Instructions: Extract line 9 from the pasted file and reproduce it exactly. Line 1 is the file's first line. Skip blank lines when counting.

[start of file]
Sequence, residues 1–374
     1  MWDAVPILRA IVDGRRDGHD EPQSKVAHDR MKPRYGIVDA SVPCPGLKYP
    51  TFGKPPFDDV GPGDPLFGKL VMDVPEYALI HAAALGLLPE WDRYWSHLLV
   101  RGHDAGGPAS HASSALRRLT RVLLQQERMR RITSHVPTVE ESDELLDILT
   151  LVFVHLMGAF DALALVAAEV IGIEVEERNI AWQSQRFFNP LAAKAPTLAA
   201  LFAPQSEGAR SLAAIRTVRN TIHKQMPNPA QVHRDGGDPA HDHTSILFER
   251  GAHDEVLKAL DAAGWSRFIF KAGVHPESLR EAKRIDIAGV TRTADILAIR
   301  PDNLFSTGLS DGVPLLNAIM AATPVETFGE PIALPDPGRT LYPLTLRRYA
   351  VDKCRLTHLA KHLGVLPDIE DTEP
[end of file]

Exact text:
   351  VDKCRLTHLA KHLGVLPDIE DTEP